December 2009 - Posts

Its not even January the first and I've already decided that I want to read more. Whilst I'm probably not going to read Pauls list of must reads for anyone wanting to write a storage engine more and more work I come across requires understanding of more complex algorithms. I've never done a computer science degree so have never learnt even basic stuff like a bubble sort.

Many people often bash anyone working on Microsoft technologies when they hail a new piece of technology because often its not new all but rather very dated. Its just only now that Microsoft implement it in their product. David Dewitt's keynote at PASS on column store was a real eye opener as to why some of the other database engines do well in certain markets.

Having said that many algorithms have been covered before, the processing power now available means that some that were only theoretically possible before are now possible.For example, if you have something that needs to process 1 million records and perform a few thousand calculations on each row, whats the best way to do it. You can write a single SQL statement to do it, but is there a better way.

So I think next year I'm going to be dusting off some of my old maths books and some newer books and see how far I get before my brain starts to hurt.


Posted by simonsabin | 2 comment(s)

I've just been sent this link by a colleague at work.

Her daughter's high school has just recorded a video in reverse, with lip syncing. Not a mean feat

http://www.youtube.com/watch?v=T7TI-AJi2O8

You can read more about the challenge between two high schools here

 


Posted by simonsabin | 1 comment(s)
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I'm starting a whole series of blog posts on the use of Entity Framework and the evil it can do to your database without you knowing it. Your DBA will probably look at some of the queries that LINQ to Entities executes and will take a big gulp. They are some of the worst queries that I've come across.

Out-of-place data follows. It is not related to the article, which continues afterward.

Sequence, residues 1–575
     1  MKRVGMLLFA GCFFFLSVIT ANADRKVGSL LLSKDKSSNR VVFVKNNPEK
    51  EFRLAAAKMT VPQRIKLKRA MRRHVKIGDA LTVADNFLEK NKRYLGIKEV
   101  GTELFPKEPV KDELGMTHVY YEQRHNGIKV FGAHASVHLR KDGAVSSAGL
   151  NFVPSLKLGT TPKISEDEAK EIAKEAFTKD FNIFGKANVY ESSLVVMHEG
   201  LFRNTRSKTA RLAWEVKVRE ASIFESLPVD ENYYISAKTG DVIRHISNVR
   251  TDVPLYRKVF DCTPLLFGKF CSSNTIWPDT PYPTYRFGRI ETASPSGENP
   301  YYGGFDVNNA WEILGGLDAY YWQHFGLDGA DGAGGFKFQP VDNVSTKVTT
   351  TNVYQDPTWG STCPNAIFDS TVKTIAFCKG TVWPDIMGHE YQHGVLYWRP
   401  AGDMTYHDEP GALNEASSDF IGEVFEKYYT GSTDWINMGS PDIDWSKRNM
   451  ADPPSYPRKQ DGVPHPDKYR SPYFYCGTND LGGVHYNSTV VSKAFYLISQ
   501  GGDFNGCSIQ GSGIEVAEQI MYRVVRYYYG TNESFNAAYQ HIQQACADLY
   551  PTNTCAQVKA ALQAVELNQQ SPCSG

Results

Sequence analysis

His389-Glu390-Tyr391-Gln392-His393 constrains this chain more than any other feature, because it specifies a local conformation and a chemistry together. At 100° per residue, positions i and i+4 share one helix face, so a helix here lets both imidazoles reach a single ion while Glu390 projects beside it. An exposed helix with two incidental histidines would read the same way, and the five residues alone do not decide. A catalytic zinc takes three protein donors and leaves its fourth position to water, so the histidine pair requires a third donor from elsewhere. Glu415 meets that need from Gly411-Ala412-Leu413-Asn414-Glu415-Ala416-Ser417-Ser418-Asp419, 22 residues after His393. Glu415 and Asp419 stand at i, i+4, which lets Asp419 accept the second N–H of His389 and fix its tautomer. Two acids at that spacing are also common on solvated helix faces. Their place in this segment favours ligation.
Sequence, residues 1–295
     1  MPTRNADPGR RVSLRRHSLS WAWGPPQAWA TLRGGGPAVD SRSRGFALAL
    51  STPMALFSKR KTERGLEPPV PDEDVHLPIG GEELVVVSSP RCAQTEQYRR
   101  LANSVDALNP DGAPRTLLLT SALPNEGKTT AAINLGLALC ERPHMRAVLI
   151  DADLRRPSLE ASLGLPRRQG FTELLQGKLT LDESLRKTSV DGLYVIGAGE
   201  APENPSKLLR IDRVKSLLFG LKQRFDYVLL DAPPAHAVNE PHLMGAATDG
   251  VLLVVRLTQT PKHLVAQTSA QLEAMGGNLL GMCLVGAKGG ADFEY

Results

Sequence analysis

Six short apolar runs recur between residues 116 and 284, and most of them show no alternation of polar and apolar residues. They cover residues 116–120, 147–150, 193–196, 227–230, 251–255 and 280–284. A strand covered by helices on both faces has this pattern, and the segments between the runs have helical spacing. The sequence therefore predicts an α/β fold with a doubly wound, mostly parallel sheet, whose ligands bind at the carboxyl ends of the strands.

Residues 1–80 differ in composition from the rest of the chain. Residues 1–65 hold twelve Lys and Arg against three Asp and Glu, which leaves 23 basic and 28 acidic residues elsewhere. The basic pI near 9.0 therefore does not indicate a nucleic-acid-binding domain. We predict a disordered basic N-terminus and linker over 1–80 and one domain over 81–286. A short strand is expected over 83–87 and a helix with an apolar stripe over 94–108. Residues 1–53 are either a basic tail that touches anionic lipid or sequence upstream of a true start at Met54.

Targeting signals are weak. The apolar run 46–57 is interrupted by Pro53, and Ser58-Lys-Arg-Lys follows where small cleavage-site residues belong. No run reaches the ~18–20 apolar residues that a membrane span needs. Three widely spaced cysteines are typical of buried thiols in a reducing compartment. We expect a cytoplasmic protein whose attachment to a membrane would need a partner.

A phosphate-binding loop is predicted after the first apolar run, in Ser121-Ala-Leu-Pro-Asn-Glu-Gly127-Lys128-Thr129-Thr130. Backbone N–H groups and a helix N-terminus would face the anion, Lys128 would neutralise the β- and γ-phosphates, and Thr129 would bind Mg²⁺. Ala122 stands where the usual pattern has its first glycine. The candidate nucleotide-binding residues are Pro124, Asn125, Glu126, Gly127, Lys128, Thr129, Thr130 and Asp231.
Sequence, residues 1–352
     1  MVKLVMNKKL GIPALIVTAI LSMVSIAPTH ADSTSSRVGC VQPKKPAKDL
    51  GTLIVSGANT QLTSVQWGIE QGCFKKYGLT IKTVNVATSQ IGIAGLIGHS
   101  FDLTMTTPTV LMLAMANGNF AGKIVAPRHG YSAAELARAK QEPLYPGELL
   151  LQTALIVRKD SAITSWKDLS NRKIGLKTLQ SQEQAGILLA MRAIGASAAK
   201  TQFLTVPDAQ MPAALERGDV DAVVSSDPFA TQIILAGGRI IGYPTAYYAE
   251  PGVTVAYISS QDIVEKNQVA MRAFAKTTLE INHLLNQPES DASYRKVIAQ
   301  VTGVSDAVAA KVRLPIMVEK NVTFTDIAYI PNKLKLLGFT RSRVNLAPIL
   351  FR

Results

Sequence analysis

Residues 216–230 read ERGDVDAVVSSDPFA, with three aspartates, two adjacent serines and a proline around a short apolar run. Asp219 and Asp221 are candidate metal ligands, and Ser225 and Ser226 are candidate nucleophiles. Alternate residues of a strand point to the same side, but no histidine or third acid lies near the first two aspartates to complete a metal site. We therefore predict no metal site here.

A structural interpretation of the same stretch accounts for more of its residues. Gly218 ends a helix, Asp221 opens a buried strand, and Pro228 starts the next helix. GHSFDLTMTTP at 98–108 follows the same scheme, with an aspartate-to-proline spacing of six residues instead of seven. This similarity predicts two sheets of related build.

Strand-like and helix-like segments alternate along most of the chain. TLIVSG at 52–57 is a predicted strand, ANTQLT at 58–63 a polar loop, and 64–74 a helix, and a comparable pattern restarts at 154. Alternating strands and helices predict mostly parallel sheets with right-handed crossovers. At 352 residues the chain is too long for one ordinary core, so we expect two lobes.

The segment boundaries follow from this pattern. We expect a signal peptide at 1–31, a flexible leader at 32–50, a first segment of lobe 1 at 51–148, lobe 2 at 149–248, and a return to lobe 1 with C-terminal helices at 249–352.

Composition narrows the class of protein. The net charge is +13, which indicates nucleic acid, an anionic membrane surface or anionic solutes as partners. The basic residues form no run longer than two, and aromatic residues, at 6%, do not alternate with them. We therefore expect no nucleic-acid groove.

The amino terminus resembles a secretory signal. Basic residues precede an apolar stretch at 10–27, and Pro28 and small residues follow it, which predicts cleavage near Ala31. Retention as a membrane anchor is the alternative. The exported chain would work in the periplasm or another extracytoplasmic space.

The challenge is knowing how your Entity Framework model and your LINQ queries are affecting the final queries that get fired at the database. This set of posts will hopefully help you out so you know what to look for in your code that is causing a really guly JOIN clause or a set of nested derived tables. 

This post will act like an index to all those posts, this is the list I hope to post,

1. Non-Primary-Key column(s) [????] are being mapped in both fragments to different conceptual

2. The impact of joining on non PK columns.

3. Should you define associations in the model or not

4. Impact of compile time of LINQ to Entities queries

5. Literals in LINQ to Entities queries

6. How parameter naming in  LINQ to Entities is really bad for performance

7. The impact of parameter lengths with LINQ to Entities queries

If you have any comments on which of these to focus on, then let me know and I will prioritise them.


Posted by simonsabin | 2 comment(s)

Well you might think that my blog has been hijacked but it hasn't.